Learn English with The Big Bang Theory

Sheldon Has to Buy Penny a GIFT

Welcome to this week’s English lesson, where you learn a ton of new vocabulary while watching a funny scene from The Big Bang Theory.

In today’s scene, Sheldon has to buy Penny a Christmas present because that’s what everyone expects of him. Compulsive as Sheldon is, he has to buy Penny a present with the same worth as the one he receives from Penny.

However, as Sheldon doesn’t know what he is getting from Penny, he had to buy numerous gifts for her. He will then decide on the spot which one he will give her.

For optimal results, please follow the five steps in the prescribed order:
  1. Watch with Subtitles
  2. Read the Transcript
  3. Learn the Vocabulary and Phrases
  4. Test yourself by watching the whole scene again
  5. Test yourself with some quiz questions

Step 1: Watch with Subtitles

Step 2: Read the Transcript

Sheldon: Mmm, great news, Leonard, I’ve solved my Penny gift dilemma.

Leonard: Yippee.

Sheldon: You see, the danger was that I might under- or over-reciprocate, but I have devised a foolproof plan. I will open her gift to me first and then excuse myself, feigning digestive distress. Then I’ll look up the price of her gift online, choose the basket closest to that value, give it to her, and then I’ll return the others for a full refund.

Leonard: Brilliant.

Sheldon: It is, isn’t it? Is it okay if I hide them in your room? The smell makes me nauseated.

Leonard: Do whatever you want.

Sheldon: Thank you, that’s very gracious. Gentlemen.

Howard: Why couldn’t you have just done what Leonard did and get Penny a new boyfriend?

Step 3: Learn the Vocabulary

compulsive = The word compulsive describes someone like Shelon, who cannot stop doing something. An inner voice tells him to do it, and he cannot not do it.

Example: He’s just a compulsive liar.

on the spot = immediately

Example: The directors met with him and offered him the role on the spot.

dilemma = a situation in which a difficult choice has to be made between two or more different things you could do

Example: Now he has been offered the other job, which puts him in a bit of a dilemma.

to reciprocate = to do something for someone because the person has done something similar for you

In that case, as Sheldon neither wants to under- nor over-reciprocate, he wants to spend precisely the same amount on the gift as Penny does.

Example: We gave them information, but they didn’t reciprocate.

to devise a plan = If you devise a plan, you have the idea for it and design it.

You can can also devise a system, object, game, etc.

Example: He’s good at devising language games that you can play with students in class.

a foolproof plan = so simple and easy to understand that it is unable to go wrong

You can use the word “foolproof” with other words too. Like a foolproof way or a foolproof system.

Example: I don’t believe there’s any such thing as a foolproof system for making money.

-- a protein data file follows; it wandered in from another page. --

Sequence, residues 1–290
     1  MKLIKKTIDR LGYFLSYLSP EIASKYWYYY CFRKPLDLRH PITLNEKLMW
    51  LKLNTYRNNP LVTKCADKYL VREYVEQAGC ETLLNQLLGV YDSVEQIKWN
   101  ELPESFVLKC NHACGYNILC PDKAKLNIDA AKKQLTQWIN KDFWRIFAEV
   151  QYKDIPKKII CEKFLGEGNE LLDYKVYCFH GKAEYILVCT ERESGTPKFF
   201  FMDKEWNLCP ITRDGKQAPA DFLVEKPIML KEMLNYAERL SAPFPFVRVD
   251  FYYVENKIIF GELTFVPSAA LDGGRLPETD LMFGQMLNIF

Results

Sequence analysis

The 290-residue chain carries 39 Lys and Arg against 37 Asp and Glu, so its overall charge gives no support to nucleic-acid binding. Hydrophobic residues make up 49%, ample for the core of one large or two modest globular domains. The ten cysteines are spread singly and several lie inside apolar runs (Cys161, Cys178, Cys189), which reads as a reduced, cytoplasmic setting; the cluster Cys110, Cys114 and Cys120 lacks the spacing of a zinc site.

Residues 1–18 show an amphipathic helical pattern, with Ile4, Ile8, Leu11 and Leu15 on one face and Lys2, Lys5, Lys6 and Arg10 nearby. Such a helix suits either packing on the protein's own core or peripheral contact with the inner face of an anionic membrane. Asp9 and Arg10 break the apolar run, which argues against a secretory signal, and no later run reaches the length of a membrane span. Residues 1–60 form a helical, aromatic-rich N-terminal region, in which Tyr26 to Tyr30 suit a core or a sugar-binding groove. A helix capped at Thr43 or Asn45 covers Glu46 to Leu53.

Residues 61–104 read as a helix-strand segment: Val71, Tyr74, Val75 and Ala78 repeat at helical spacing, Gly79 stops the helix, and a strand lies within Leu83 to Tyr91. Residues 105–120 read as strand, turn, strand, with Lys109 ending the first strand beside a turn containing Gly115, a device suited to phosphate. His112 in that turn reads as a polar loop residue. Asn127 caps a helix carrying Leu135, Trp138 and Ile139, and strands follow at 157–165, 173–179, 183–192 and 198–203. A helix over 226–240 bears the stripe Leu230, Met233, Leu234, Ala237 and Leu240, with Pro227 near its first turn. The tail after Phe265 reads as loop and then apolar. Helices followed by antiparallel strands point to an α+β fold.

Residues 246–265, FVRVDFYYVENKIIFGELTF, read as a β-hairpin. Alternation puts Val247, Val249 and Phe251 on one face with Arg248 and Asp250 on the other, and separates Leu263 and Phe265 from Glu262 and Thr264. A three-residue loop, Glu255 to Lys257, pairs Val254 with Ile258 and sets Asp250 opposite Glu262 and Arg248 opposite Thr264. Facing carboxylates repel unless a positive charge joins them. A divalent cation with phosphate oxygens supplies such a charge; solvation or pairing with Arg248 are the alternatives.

to feign = to pretend to have a feeling or condition

Example: He feigned sickness so he wouldn’t have to go to school.

distress = a situation in which you are suffering from something

An example would be digestive distress, which relates to the digestion of food.

Please note that distress typically relates to a very intense feeling. It is usually associated with extreme sorrow, suffering, or pain.

Example: She claimed that the way she had been treated at work had caused her extreme emotional and psychological distress.

refund = an amount of money that is given back to you

Example: I took the radio back to the shop and asked for / demanded a refund.

You can use the word refund also as a verb. Then you refund somebody who asked for it or who is eligible for a refund.

Example: The holiday was canceled, so the travel agency had to refund the price of the tickets.

to nauseate = to cause someone to feel as if they are going to vomit

In this case, the bath items Sheldon bought for Penny radiate an intense smell. That smell makes Sheldon nauseated. So he asks Leonard if he could store the baskets in his room instead.

Example: The smell of the fish nauseated her.

gracious = behaving in a pleasant and polite way; kind

Example: It was very gracious (= kind) of him to offer us a place to stay.

Step 4: Watch without Subtitles

Step 5: Take the Test

Sheldon Has to Buy Penny a GIFT

1 / 5

Sheldon is compulsive because ...

2 / 5

Sheldon neither wants to under- nor over-........

3 / 5

Sheldon wanted to devise a ....... plan

4 / 5

What does "to feign" mean?

5 / 5

Which one of the words has a negative connotation?

Your score is


(Season 2, Episode 11 of The Big Bang Theory: The Bath Item Gift Hypothesis | Definitions and example sentences in the video are partly taken from the Cambridge and Collins Dictionary.)

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By Martin

Martin is the main contributor to this website. He loves to watch funny English sitcoms and inspirational videos and to read English books of different genres. Now, he wants to share his experience with you by posting funny and meaningful English lessons based on the sitcoms, videos, and books he loves so much.

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